Thought Forms - Ghost Mountain LP



  • Thought Forms -  Ghost Mountain LP
  • Thought Forms -  Ghost Mountain LP

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(500 units repressed in november 2014)

DIGIPAK CD Variant also availabe 

Thought Forms : Ghost Mountain

It takes all of the first 80 seconds of Bristol trio Thought Forms second album, Ghost Mountain, to realise that this is a group who have moved on substantially from their debut of three years ago. Indeed, if their self-titled debut in 2009 was about finding the dynamic limits of their atmospheric sound, gently prodding and probing varying elements, then the huge great slab of guitar that greets you instantly on their follow-up roars with the confidence of a band who’ve found their level from which to fully explore their creative expression.

Charlie Romijn (guitars / vocals), Deej Dhariwal (guitars / vocals) and Guy Metcalfe (drums) have already made their mark live – cultivating a colossal sound that bands twice their number would struggle to re-create - with appearances at ATP Festival I’ll Be Your Mirror and a US tour support slot with Portishead in 2011. Indeed, with a recent support tour with Geoff Barrow’s Beak> and, of course, putting Ghost Mountain out on Invada, there’s clearly a strong link to their fellow Bristolians – more so when you consider that Portishead live member Jim Barr produced the new record. Barr’s input was vital, says the group’s Charlie Romijn: “He totally understood what we're about and where we are coming from,” she explains. “He really helped us to develop our ideas, enhancing or changing songs we weren’t sure about. We completely trusted him and he's really pushed us further than we'd have managed on our own.”

Though the group have fans in Portishead, don’t allow the link to act as any indication of their sound. The album veers between two opposites, from brisk, scuzzy American garage-rock influenced numbers to brutal, anguished noise constructions of ethereal doom, where it feels like they’re tapping into a similar dark psyche to groups like Godspeed You! Black Emperor and Circle. With a psych slant too informing tracks like ‘Afon’ and ‘Burn Me Clean’ – where vocals are almost as though a ritualistic call to on high – the scope of Ghost Mountain’s sonic terrain is vast, the result of a varied approach to song writing where wholes form out of group jams – in the case of ‘Burn Me Clean’ from an improvised set supporting Master Musicians Of Bukkake – or from the chrysalis of an idea presented by just one of the trio.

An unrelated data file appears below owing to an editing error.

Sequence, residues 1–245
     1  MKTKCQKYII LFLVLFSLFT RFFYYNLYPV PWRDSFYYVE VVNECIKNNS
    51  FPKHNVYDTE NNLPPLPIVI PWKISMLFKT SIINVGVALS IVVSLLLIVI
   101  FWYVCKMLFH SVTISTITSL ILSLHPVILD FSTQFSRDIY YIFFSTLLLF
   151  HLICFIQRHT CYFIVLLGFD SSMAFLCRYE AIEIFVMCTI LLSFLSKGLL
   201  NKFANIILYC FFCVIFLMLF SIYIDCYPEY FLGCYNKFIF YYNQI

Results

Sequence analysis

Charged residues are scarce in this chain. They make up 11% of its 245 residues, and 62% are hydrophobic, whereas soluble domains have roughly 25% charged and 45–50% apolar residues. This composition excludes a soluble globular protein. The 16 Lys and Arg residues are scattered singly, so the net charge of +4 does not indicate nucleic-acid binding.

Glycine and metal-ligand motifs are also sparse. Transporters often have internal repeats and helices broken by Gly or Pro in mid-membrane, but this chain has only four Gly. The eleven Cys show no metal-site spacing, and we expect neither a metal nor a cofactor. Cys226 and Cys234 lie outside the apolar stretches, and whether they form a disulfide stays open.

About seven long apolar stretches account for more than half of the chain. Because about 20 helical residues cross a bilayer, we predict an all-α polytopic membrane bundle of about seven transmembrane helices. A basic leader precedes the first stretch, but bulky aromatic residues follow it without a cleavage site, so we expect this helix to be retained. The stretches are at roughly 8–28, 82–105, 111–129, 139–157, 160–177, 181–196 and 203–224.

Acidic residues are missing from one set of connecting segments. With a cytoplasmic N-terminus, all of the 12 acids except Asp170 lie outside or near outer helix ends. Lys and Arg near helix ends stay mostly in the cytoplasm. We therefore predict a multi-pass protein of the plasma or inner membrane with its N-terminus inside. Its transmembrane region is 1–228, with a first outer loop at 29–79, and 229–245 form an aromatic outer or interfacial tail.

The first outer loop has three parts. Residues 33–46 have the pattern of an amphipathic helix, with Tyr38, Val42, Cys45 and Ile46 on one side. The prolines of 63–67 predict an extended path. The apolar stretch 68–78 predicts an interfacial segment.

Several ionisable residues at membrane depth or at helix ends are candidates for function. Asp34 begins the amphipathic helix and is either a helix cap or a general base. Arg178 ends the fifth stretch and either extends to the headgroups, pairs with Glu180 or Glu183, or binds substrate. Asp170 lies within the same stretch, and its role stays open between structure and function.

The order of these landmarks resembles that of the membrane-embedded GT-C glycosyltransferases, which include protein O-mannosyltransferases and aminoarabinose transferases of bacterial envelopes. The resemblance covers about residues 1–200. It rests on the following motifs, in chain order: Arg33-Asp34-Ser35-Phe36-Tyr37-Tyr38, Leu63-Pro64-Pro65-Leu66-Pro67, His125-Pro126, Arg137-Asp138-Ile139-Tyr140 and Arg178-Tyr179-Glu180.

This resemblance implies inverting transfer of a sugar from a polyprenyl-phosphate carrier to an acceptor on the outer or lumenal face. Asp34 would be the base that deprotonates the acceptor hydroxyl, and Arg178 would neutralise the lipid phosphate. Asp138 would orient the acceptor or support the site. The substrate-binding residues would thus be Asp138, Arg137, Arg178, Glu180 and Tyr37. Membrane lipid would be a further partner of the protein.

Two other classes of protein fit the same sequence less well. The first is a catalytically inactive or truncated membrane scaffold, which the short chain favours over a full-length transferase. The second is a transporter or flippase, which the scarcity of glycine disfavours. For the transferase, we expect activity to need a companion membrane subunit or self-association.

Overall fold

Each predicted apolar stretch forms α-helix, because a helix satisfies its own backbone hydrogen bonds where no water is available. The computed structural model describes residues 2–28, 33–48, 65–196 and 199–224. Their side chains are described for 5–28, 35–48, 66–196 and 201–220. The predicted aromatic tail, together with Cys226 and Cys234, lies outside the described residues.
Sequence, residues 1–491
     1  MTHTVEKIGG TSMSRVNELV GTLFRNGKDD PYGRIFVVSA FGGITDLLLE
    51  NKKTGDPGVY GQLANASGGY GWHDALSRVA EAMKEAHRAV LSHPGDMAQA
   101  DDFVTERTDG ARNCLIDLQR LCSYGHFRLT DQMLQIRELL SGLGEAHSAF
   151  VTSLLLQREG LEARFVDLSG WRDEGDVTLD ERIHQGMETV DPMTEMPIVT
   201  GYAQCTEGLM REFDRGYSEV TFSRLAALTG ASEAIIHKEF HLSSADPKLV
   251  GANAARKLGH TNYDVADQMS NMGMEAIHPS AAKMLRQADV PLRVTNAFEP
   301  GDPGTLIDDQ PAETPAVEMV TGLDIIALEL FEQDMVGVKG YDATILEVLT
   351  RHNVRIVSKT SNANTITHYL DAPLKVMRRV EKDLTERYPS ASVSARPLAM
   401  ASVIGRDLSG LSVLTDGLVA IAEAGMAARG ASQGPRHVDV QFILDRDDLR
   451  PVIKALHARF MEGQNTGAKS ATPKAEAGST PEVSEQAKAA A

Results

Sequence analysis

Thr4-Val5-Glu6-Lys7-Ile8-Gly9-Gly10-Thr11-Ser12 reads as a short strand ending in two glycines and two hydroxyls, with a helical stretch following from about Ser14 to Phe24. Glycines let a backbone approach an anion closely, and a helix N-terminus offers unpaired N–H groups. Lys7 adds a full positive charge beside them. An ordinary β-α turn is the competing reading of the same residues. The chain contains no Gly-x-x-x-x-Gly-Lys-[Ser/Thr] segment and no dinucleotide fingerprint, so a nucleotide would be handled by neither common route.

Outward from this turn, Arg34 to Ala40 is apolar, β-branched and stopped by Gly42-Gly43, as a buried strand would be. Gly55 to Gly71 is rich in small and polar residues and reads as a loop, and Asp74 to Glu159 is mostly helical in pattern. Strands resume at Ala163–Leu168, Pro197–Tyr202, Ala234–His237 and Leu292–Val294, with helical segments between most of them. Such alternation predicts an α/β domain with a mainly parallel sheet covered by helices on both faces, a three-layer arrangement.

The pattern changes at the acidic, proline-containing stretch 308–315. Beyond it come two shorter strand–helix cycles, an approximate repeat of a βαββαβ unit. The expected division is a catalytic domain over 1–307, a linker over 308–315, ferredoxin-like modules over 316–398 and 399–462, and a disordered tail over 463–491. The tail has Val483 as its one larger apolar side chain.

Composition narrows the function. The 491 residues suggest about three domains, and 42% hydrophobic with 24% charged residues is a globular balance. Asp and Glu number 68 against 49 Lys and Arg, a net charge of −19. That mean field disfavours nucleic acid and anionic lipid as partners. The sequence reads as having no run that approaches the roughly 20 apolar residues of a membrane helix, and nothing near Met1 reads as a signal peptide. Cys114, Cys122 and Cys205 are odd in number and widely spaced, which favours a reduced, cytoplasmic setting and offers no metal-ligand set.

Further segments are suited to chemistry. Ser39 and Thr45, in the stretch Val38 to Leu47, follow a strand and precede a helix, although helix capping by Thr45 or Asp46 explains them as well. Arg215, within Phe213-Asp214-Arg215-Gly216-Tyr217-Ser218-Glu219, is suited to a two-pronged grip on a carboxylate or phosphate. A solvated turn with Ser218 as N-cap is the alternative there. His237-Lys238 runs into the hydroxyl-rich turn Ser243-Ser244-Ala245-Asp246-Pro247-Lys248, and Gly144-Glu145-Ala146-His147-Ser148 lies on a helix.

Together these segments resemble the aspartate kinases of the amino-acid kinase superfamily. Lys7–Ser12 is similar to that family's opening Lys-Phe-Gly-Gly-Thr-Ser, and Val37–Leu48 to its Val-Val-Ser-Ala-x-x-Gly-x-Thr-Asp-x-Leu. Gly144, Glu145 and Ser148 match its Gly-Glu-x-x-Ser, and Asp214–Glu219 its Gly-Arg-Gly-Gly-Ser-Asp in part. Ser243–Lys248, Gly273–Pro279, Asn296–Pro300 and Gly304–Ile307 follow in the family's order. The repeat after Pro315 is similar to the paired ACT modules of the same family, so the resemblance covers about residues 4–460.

It’s a clear move away from their debut album, though retaining the group’s penchant for creating vast atmospheres; yet Romijn doesn’t feel their approach has altered too much, just that renewed confidence has allowed them to commit to their processes more resolutely. “The odd thing is that the songs on Ghost Mountain are of similar lengths to those on the self-titled album, yet they feel more direct” she says. “Maybe it’s because there’s now a lot more vocals and clearer lyrics involved – something that’s definitely come through increased confidence. Additionally maybe we've had more patience in developing the tracks over time, playing around with the structures and instrumentations a lot more until they felt right.”

Thematically, the group are coy on the album’s meanings, though what is clear is that subject matters are extremely personal to a tight-knit band who consider each other “family”. What they do give away is somewhat cryptic; the album’s title comes from a gigantic mountain range as big as the Alps that’s hidden under the Antartic’s ice and snow; song titles are a little more illustrative, both in theme and in clues as to the group’s influences. ‘Afon’ is Welsh for river, the group explaining that it “speaks to us of connections and something which eternally changes yet remaining the same at the core”; ‘Only Hollow’ is a tip of the cap to My Bloody Valentine’s ‘Only Shallow’. Then there’s ‘O’, called that because of the shape of the letter, the group using it to represent what they call “a circle of negativity”.

Negativity would suggest a bleakness to this album, and whilst in much of Ghost Mountain’s fire and brimstone there is plenty that could be construed as despair, the abrasion in it suggests something more conflicted; a battle between shades of dark and light, universal but potent battles between love and hate, of hope and loss. When flung together with the power that Thought Forms has, it makes for a quite formidable proposition.

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